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Introduction to Italian High Renaissance Neoplatonism

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Introduction to Italian High Renaissance Neoplatonism

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Introduction to Italian High Renaissance Neoplatonism

Renaissance Humanism was the most significant intellectual movement of the Renaissance. It was beginning in Italy and spreading to the rest of Europe such as Hungary, Poland by the 16th century. It blended concern for the history and actions of human beings with religious concerns. The humanists were scholars and artists who studied subjects that they believed would help them better understand the problems of humanity. Its influence affected philosophy, politics, science, art, religion, literature and other aspects of intellectual inquiry. The central feature of humanism in this period was the commitment to the idea that the ancient would was the pinnacle of human achievement, especially intellectual achievement, and should be taken as a model by coexistent Europeans.

At 15th Century, more detailed observation of man himself and of nature followed in the 15th century with the growth of interest in anatomy, perspective, details of nature, landscape backgrounds, and form and color in light. Paintings of the 15th century also reflect the growing curiosity about man’s achievement in Italy’s past. It is this preoccupation with and study of Classic culture and art that gave the Renaissance in Italy its particular character. Humanism asserted the right of the individual to the use of his own rason and belief, and stressed the importance and potential of man as an individual. This concept cana be identified with a belief in the power of learning and science to produce “the complete man”.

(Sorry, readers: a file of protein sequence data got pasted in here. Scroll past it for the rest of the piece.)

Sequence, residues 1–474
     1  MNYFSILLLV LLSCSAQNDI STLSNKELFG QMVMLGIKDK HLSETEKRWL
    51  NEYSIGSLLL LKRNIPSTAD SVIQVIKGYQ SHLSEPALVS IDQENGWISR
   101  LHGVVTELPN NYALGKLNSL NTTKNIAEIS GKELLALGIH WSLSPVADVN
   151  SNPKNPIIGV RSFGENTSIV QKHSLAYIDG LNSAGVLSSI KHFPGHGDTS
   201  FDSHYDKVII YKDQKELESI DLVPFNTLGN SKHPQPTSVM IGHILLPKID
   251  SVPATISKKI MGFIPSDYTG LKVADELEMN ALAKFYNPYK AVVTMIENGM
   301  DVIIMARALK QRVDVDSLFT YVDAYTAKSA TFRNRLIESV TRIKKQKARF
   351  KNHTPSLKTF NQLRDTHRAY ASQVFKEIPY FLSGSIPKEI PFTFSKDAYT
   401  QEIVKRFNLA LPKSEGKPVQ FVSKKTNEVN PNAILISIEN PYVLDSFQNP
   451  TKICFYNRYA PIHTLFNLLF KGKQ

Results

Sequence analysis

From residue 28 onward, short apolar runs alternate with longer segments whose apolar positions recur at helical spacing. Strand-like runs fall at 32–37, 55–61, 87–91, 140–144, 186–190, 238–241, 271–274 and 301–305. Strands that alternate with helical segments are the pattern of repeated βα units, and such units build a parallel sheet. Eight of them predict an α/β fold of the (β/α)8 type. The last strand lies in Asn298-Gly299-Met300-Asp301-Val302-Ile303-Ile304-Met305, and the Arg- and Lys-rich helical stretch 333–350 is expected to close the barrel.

At 16th Century, christianity was added to platonic ideal: Neo- platonism. Neo-Platonism in the Renaissance was the philosophy based on the teachings and doctrines of a group of thinkers of the early Christian era who endeavored to reconcile the teachings of Plato with Christian concepts. It a reconciliation of Aristotelian and Platonic ideas with Christian beliefs. The Neo-Platonists, being at the same time both lovers of...

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